As part of TSN.ca's 2013 MLB Season Preview, we will be rolling out stories this week on five pressing questions facing the Toronto Blue Jays this season. The first question facing the team: What should be done about struggling starter Ricky Romero?
The Blue Jays 2012 starting rotation had a lot of question marks, but the one constant was believed to be Ricky Romero's ability to give the team a chance to win every five days.
Unfortunately, Romero's year did not quite go as planned.
After three seasons of improvement in virtually every major pitching category, Romero scuffled last season.
Romero started the season strong, with an 8-1 record as of late June. But signs of struggle emerged early, even while the 27-year-old was winning.
Romero set a career-high for walks in a month in May, issuing 25 free passes. In June his ERA hit an ugly 7.33. His July WHIP eclipsed 2.00 and by August he was staring down the barrel of a skid that would eventually extend to 15 consecutive starts without a victory.
The team took a load off his mind in the off-season by loading up the rotation with R.A. Dickey, Josh Johnson and Mark Buehrle.
After a season of struggles, Romero entered the spring of 2013 with loads of veteran help and the added ease of being penciled in as the Jays' number-five starter, meaning fewer games against ace opposition.
But this spring has not been pretty for Romero. In 8.2 innings so far this spring, the lefty has surrendered eight runs (seven earned), three home runs and logged a WHIP of 2.08.
Last Thursday's minor league start was not pretty either: Four runs, five walks, zero strikeouts in just 2.1 innings and throwing more balls than he did strikes.
Complicating the matter is J.A. Happ: An experienced starter who has been one of the Jays' best starters this spring despite the knowledge that the starting rotation was likely locked.
So what do the Jays do about Romero?
TSN.ca's Scott MacArthur has been following the Jays all season and thinks Romero might need time to sort himself out.
He writes: "In the new Blue Jays' rotation, Romero doesn't have to be the guy who won 15 games and had a 2.92 ERA in 2011. Good thing, too, because he appears to be a shell of his former self.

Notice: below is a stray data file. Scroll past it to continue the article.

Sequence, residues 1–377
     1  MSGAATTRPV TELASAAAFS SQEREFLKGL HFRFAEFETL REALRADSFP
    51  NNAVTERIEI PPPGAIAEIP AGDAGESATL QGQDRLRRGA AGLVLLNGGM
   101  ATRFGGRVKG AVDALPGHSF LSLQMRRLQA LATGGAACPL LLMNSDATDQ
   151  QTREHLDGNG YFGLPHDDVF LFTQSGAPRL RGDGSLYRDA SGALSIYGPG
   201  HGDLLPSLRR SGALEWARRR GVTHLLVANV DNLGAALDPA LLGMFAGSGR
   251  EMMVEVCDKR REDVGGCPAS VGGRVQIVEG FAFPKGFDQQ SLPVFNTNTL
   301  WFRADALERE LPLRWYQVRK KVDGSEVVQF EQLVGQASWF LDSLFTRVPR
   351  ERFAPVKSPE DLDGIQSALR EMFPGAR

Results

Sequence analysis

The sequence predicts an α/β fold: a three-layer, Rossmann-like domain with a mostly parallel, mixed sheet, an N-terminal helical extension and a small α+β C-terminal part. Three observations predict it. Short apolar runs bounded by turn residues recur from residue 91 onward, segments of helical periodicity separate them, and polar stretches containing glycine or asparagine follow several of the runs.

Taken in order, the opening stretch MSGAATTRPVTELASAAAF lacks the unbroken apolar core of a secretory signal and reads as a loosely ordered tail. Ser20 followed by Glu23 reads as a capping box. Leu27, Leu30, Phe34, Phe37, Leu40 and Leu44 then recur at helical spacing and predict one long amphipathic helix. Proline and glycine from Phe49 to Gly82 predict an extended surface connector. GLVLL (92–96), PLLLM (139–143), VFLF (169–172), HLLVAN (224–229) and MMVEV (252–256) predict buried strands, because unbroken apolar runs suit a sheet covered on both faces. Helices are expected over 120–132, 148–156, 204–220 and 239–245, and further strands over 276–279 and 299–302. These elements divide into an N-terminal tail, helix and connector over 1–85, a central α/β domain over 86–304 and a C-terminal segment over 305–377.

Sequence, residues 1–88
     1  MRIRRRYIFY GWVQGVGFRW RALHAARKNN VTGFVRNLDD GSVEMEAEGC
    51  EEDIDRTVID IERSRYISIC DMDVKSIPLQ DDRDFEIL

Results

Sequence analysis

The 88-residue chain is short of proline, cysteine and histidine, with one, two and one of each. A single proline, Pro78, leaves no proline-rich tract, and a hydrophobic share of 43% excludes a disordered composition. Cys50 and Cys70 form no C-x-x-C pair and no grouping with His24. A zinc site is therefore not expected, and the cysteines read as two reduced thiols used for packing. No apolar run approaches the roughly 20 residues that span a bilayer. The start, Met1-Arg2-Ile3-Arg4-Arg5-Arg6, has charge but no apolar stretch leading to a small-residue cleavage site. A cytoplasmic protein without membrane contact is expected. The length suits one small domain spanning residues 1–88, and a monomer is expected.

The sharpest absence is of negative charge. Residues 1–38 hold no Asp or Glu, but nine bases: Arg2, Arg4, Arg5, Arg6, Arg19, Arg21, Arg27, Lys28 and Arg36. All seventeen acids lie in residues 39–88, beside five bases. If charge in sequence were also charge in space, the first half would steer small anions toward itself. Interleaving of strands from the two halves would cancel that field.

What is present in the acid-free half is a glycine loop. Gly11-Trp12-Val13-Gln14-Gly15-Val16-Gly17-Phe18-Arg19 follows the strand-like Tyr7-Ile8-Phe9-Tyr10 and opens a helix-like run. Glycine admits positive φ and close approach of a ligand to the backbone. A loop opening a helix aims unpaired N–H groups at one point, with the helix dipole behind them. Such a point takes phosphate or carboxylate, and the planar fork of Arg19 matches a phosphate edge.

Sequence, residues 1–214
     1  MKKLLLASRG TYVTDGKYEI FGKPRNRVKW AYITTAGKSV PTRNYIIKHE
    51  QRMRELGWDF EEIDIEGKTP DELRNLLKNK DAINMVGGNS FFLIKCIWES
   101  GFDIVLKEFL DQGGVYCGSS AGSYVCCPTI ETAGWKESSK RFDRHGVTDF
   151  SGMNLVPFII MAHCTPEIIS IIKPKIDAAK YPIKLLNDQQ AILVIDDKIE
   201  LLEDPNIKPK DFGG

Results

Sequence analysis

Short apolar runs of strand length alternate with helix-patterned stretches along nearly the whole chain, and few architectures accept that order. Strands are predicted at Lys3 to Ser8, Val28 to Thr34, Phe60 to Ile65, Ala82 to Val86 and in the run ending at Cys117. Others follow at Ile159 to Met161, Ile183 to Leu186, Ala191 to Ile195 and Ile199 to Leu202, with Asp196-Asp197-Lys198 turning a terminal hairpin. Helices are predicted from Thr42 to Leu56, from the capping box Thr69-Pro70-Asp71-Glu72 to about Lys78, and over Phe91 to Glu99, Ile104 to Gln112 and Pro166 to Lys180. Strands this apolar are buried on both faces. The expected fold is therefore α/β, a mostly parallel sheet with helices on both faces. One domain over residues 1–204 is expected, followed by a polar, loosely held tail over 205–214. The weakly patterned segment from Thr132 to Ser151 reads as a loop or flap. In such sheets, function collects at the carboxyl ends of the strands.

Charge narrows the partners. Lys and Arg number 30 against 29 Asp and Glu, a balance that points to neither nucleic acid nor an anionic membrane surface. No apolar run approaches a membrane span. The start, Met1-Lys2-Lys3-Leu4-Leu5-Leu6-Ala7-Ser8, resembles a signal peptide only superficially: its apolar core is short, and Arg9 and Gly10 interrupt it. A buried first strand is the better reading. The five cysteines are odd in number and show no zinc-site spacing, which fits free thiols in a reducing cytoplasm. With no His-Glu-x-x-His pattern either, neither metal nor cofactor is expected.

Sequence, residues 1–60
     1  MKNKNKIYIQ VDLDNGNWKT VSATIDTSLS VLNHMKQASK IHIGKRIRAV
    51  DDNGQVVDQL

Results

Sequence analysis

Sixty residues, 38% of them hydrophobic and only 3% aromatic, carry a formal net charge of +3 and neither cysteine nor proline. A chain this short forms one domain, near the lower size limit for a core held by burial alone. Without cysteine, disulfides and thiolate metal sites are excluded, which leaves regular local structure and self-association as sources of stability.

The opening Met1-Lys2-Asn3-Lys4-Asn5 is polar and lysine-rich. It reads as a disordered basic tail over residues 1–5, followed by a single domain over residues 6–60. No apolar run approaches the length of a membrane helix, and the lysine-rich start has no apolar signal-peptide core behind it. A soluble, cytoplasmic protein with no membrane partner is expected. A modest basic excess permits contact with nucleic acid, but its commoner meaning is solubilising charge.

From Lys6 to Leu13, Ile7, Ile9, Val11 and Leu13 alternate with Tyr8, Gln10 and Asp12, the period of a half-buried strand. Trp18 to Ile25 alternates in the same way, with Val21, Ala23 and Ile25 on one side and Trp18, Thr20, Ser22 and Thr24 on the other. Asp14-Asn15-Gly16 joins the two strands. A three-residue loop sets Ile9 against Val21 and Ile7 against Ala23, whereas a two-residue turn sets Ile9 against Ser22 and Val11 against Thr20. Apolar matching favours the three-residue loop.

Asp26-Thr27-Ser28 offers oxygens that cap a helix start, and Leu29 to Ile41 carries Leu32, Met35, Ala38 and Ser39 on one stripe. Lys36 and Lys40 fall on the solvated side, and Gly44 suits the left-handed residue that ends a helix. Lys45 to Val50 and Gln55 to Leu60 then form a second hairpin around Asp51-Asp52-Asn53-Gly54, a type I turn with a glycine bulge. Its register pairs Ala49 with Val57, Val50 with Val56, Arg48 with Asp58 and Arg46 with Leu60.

I think the best thing for the organization and for Romero is to start him at Triple-A. He's owed at least $23.1-million over the remainder of his contract so the Blue Jays have to get this right. These "minor tweaks" to Romero's delivery provide the perfect excuse for the demotion, allowing both club and player to save face.
Heck, shorten his final spring start and whisper about Romero being bothered by the tendinitis in his knees. There are ways to publicly protect everyone involved.
The key for Romero is to effectively throw his power sinker -- he must throw it more often and he must keep it down in the zone.
The investment in Romero - a former first round pick, his development, his contract - is deep. J.A. Happ is a capable fifth starter and has had a good spring. He'd do the job just fine.
Romero may not see it this way but the best thing for him is to refine his delivery and clear his head away from the fishbowl Toronto's become for him. On potential alone he's got plenty left in the tank. This needs to be handled delicately but also correctly. Starting the season in Buffalo is the correct move.”
What do you think?
Should Romero be allowed to start the year in hopes that he reacts well to “the real thing”? Or does the combination of his poor spring and Happ's solid play mean that Romero will have to pitch his way back into the Blue Jays' starting rotation?
As always, it's Your! Call.